Microsoft shows the way.
The story went like this:
Wall Street gained on Wednesday and the S&P 500 and Dow industrials set fresh records, as Microsoft’s strong results boosted the indexes and marked the latest sign that U.S. corporate earnings season may be less dour than feared.
Microsoft shares surged 5.3% after the software giant posted sharp growth in its cloud computing business. The stock gave by far the biggest lift to the major indexes and the tech sector.
That’s how Reuters summarized the action on Wednesday afternoon to explain why the S&P 500 rose 0.4% to another record high, the NASDAQ 1.1%, and the Dow 0.2%. Many stories about this propitious event had a similar twist.
Microsoft, one of the aging tech elephants out there big enough to move the needle, had beaten analysts’ estimates, and markets were ecstatic.
Tuesday evening, CNBC raved that Microsoft reported quarterly earnings and revenue “that easily topped analysts’ expectations, as its key cloud product, Azure, saw revenue grow 102%.”
On Yahoo Finance, we read, “Microsoft crushes on earnings and revenue, stock pops.” And there’s some detail about the part that performed miracles in the quarter:
Earnings of $0.69 per share on an adjusted basis” – here we go again, adjusted, the mark of great American fiction – “up from $0.60 a year ago. Analysts were expecting $0.58.
Revenue of $22.6 billion, up from $22.18 billion a year ago. Analysts were expecting $22.14 billion.
Alas, that revenue figure ($22.6 billion) is factually wrong. Honest typo? We’ve certainly made plenty of them in the heat of the battle. But then the math of revenue growth is wrong too. The total revenue Microsoft actually reported under GAAP is $20.6 billion.
By going to the Microsoft press release, we find out that Yahoo cited a non-GAAP measure Microsoft had offered as a supplement, but Yahoo failed to disclose that it was non-GAAP. That smells of reader deception. The Yahoo report fabricated revenue growth out of a revenue decline. The GAAP figure Microsoft reported was a drop of 7.1%.
And worse, cost of revenue rose 6.8%.
So gross margin plunged 14.1% from $14.7 billion to $12.6 billion.
There were also impairment charges of $1.1 billion, but that was down from $8.4 billion a year ago. This is Microsoft’s way of confessing to the magnitude of the madness of its disastrous acquisition of Nokia [read… After Losing $11 Billion on $9.4-Billion Nokia Buy & Axing 27,650 Jobs, Microsoft Dumps Consumer Smartphones
Operating income without those write-offs plunged 34%, from $6.38 billion to $4.19 billion.
For fiscal 2016, revenues dropped 8.8% year-over-year. Gross margin fell 13.2%. And without the write-offs, operating income plummeted 24% from $28.2 billion to $21.3 billion.
In both years combined, Microsoft’s write-offs totaled $11.1 billion. Not exactly petty cash.
In fiscal 2014, net income was $22.1 billion. In fiscal 2015, net income plummeted by 45% to $12.2 billion. Thanks to lower write-offs in fiscal 2016 (ended June 30), net income was $16.8 billion. That’s down 24% from two years ago!!
So what kind of tech-dud is this? Well, according to its P/E ratio, it is one HOT dude, with a sky-high P/E ratio of 43. In saner times, a P/E ratio this high is reserved for demigod-like companies that can double revenues and earnings at the flick of a wrist.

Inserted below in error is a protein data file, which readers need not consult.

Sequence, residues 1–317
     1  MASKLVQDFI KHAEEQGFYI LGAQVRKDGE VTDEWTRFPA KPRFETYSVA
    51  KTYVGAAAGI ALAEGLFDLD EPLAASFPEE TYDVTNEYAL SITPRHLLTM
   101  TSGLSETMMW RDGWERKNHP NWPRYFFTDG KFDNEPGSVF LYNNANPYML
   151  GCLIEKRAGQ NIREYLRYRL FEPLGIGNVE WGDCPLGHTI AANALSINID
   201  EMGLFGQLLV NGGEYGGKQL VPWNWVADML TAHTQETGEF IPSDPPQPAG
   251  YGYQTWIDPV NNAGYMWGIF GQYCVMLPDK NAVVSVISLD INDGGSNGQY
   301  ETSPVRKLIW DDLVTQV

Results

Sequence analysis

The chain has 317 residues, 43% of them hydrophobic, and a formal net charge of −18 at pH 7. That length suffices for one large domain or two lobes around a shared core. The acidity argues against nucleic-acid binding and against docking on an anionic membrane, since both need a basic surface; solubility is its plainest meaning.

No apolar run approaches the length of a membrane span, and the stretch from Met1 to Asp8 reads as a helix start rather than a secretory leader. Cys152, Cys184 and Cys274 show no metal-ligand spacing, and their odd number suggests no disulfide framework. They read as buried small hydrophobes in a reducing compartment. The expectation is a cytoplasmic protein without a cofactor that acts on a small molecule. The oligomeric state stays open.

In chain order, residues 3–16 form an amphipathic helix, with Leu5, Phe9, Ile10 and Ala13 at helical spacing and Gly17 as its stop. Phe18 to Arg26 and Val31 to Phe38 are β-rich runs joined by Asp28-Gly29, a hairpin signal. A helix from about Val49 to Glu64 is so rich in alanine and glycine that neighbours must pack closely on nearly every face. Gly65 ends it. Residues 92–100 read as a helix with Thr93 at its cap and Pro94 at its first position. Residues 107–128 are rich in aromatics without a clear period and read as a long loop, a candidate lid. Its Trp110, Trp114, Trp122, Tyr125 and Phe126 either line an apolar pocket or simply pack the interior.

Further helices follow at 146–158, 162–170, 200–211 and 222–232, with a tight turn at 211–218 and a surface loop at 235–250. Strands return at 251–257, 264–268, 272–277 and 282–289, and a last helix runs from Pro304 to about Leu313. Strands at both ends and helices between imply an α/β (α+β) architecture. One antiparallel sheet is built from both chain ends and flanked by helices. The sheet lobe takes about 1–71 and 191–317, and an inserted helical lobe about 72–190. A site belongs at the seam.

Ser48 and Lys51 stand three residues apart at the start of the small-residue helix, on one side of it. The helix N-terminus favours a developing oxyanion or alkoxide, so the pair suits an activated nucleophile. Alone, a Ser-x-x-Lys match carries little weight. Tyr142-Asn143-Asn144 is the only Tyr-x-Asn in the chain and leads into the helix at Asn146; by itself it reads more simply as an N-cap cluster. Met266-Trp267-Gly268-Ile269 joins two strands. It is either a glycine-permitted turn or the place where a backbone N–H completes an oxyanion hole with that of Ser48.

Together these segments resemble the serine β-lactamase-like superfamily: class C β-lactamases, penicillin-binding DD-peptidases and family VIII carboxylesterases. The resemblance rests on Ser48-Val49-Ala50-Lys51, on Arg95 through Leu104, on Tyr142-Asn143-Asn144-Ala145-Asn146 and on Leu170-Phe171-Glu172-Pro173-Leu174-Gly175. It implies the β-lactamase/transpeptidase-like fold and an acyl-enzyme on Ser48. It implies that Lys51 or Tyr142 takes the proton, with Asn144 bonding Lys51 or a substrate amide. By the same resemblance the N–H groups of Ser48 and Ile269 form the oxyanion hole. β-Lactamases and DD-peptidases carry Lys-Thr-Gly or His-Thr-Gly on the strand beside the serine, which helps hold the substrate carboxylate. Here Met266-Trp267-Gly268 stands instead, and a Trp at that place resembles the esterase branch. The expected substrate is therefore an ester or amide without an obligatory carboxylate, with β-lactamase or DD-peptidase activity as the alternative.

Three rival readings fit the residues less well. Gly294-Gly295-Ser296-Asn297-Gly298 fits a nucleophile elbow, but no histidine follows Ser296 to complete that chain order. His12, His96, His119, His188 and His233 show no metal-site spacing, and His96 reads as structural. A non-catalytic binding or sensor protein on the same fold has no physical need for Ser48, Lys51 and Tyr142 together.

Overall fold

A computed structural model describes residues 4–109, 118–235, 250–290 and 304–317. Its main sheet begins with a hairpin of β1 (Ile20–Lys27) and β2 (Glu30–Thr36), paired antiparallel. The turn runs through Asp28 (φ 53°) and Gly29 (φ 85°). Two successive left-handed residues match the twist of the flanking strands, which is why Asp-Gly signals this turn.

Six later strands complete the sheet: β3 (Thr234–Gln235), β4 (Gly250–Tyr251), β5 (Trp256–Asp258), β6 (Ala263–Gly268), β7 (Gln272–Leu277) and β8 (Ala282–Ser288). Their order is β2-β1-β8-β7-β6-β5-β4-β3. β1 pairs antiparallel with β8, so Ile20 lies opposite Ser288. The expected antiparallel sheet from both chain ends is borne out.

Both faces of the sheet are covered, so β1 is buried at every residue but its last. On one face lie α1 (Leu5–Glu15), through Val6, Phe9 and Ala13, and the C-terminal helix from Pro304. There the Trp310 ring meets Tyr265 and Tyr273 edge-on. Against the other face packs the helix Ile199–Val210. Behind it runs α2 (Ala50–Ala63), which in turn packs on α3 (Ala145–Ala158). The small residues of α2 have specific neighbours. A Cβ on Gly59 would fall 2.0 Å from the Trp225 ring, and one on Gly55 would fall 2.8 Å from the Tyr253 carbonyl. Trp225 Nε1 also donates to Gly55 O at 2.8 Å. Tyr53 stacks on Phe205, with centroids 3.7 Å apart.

But Microsoft is going downhill. It’s suffering from a top-line revenue decline. It has botched its entry into mobile and spent a fortune doing so. Its flagship PC business is withering. It is not able to make up for these holes with its cloud business, though it’s holding out the hope that it can. Falling revenues meet rising costs….
So in anticipation of declining sales, shrinking margins, and blistering write-offs, the market might have pushed down MSFT for the past year or so, beating it down at every new revelation of a lowered outlook and other mishaps. And then, when results are “better than feared,” there would be a reason for a little perk.
But that’s not what happened. Despite lowering expectations and predicting crappy results and huge write-offs, Microsoft and Wall Street have managed to push up the stock into the range of $50 to $55 a share late last year and so far this year, with that entire range being a multiyear high not seen since the dotcom bubble.
Instead of punishing the shares of a company with declining sales and profits, huge write-offs, and a sky-high P/E ratio, markets simply continue to drive the stock higher, no matter what. Other stocks experience the same thing.
Microsoft isn’t the only company with these sorts of results. In aggregate, the companies in the S&P 500 are in their sixth quarter in a row of revenue declines. And aggregate earnings, based on “adjusted” ex-bad items earnings that companies have already reported so far this quarter or are expected to report are down 5.5% year-over-year, the fourth quarter in a row of declines. Under GAAP, earnings are even lousier.
Yet this market continues to rise, and it does so on low volume, as worldwide central-bank created liquidity is searching for a place to go, and as investors are hoping that central banks determine stock prices and will continue to inflate them, regardless of what these companies report. And so they chase after them, even after Microsoft with its dizzying share price, while earnings season, more than ever, is turning into the Theater of the Absurd.
But many companies are struggling with their debt, and quietly, the noose tightens one by one. Read… US Credit Conditions Drop to Worst Level since Q3 2009, Markets Soar
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